How will Kansas address Missouri's new medical marijuana law?

How will Kansas address Missouri’s new medical marijuana law?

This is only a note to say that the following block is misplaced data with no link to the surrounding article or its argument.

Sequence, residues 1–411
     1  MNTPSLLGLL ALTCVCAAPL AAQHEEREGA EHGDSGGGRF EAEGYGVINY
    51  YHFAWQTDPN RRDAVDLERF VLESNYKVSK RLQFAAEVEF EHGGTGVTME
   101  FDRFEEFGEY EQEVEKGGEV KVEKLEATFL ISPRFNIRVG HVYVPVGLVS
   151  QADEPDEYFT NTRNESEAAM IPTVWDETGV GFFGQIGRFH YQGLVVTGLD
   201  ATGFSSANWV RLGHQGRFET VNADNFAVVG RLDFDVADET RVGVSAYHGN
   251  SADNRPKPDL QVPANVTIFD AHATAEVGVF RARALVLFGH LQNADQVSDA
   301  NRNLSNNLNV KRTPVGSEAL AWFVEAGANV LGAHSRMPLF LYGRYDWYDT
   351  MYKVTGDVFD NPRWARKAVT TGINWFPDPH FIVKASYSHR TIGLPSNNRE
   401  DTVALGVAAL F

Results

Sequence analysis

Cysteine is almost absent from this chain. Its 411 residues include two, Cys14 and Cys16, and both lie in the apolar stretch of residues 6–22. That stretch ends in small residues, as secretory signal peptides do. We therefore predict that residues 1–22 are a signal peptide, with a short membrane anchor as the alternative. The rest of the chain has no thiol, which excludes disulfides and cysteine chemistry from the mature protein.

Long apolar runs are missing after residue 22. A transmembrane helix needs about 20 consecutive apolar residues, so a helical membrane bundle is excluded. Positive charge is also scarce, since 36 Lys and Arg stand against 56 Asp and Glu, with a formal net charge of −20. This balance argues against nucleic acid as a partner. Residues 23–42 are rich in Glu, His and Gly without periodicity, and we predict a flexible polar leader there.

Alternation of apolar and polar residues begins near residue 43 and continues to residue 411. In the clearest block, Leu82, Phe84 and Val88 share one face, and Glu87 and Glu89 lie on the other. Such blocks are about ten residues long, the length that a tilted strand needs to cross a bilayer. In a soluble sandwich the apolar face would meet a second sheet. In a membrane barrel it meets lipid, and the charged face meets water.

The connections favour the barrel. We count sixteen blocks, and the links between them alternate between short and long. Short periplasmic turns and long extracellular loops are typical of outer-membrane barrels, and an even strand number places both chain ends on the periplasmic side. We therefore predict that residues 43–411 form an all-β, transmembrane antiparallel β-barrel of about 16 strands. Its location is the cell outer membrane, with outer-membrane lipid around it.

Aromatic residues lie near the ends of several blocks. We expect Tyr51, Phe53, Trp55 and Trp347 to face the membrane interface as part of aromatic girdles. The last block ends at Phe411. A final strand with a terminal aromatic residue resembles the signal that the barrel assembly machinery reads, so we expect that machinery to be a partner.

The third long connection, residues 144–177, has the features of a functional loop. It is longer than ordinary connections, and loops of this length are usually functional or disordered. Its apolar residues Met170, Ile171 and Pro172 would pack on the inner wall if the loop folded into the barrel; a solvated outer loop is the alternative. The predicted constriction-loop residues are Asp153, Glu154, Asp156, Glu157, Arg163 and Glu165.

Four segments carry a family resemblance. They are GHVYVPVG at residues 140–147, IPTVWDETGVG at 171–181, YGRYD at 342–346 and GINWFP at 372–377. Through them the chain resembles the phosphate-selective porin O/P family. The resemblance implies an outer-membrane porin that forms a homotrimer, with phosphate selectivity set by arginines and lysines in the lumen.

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Chapters descriptions off, selected subtitles off, selected captions settings, opens captions settings dialog captions off, selected This is a modal window. Now that Missouri has voted to legalize medical marijuana, what will those with legal prescriptions need to know when going into Kansas? Copyright 2018 Scripps Media, Inc. All rights reserved. This material may not be published, broadcast, rewritten, or redistributed. KANSAS CITY, Mo. — Many Kansas City metro residents cross the state line between Missouri and Kansas multiple times a day. Now that Missouri has voted to legalize medical marijuana, what will those with legal prescriptions need to know when going into Kansas? "We are a metro area with hundreds of thousands of people crossing the state line, so it is something we will have to address," Johnson County District Attorney Steve Howe said Thursday. Voters in Missouri spoke loudly at the polls on Tuesday. Medical marijuana will become legal on Dec. 6, and residents must have a prescription to use it. Under the current law, any Missouri resident possessing medical marijuana could be arrested after crossing into Kansas, where medical marijuana is not legal, according to Howe. "Technically under the law, yes. The question is how do we handle the situation," Howe said. "The attorney general, the prosecutors and law enforcement will get together to see what is the proper way to respond." Passage of the new Missouri law could benefit people like Todd Scattini. He served in the U.S. Army for 27 years. "I would use medical cannabis probably on a daily basis to treat a lot of things that come out of service to the nation. Chronic pain is certainly one of them," Scattini said. But on the legal side, Howe said a lot still needs to be discussed. "Are there constraints put in place […]

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